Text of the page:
Update: Buti Lesiela, Red Ants' deputy CEO, was quoted by SABC as saying the people killed were not employed by the company and were from "another service provider."
"None of our members have been killed or injured on site, probably it's another service provider. We have been hired to evict people who have invaded a concealment. Police had to recall us to say we should stop because of the violence that was taking place there," he said.
At least two people believed to be members of a security company known as Red Ants have been killed and another six injured during a protest against forced evictions in Hammanskraal, northern Guateng, South Africa. The Red Ants, so-called because of their red uniform, are often hired by the government to evict people and dismantle illegally occupied homes and lands.
The protest kicked off when a group of Red Ants reached Hammanskraal on 23 May. Residents refused to leave their houses and erected barricades and road blocks forcing vehicles to turn around. One bus was also torched.
People continued to protest on 24 May, with residents blockading roads with burning tyres and rocks, News24 reported. At least six people have been arrested in connection with the violence.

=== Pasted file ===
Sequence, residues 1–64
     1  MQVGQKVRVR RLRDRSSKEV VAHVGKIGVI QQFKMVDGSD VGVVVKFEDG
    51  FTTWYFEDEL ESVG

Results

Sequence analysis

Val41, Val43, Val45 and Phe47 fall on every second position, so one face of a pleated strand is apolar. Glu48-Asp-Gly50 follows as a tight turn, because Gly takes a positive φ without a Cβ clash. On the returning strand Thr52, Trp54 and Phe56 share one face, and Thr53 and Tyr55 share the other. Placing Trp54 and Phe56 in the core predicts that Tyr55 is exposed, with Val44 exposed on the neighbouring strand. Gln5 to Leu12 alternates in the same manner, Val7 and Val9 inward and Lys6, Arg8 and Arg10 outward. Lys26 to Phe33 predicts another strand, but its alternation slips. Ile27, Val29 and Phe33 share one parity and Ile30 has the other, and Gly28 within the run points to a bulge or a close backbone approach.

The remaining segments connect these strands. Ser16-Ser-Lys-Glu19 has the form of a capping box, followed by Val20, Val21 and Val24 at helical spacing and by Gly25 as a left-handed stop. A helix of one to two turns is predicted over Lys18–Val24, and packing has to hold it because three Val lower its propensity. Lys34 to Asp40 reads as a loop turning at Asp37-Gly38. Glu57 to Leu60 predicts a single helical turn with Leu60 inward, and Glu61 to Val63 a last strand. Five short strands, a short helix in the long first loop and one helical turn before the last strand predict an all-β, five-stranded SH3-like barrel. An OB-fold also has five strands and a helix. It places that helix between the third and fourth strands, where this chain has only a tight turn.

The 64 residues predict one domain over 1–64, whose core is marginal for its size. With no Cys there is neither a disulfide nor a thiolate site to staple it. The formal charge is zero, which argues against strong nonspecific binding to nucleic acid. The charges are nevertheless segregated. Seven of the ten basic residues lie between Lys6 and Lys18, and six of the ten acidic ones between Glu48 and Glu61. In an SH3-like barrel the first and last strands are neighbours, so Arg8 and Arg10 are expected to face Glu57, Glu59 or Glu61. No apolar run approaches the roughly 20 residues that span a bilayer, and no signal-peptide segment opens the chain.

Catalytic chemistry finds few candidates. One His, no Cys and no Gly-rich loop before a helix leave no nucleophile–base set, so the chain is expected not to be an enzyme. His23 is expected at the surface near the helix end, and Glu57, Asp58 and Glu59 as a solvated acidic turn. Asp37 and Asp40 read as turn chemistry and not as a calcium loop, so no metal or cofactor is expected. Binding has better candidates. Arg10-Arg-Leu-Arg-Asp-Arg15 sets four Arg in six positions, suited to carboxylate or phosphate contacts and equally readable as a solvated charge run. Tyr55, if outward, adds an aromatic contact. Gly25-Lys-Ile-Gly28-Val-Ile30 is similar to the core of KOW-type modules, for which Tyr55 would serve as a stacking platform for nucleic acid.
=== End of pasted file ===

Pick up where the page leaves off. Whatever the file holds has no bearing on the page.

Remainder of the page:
Police spokesperson Tsekiso Mofokeng was quoted by Eyewitness News as saying the Tshwane Municipality conducted an operation to remove shacks erected illegally.
"Two companies were contracted to do that. Upon arrival on the area, they were approached and got into a fight with the community members and unfortunately two members were fatally wounded." Mofokeng urged citizens not to take the law into their hands.
The South African National Civic Organisation's (Sanco) blamed the Economic Freedom Fighters (EFF) socialist party for the violent protest and alleged the organisation encouraged the illegal occupation of land.
Protesters denied the allegations and said their protest is apolitical. They also added they were granted permission by the township to live on the land.
Speaking to News24, a resident alleged the ruling African National Congress (ANC) allowed members to occupy the area. "This is just a strategy for them to win votes. They must not blame someone else for their actions," he said.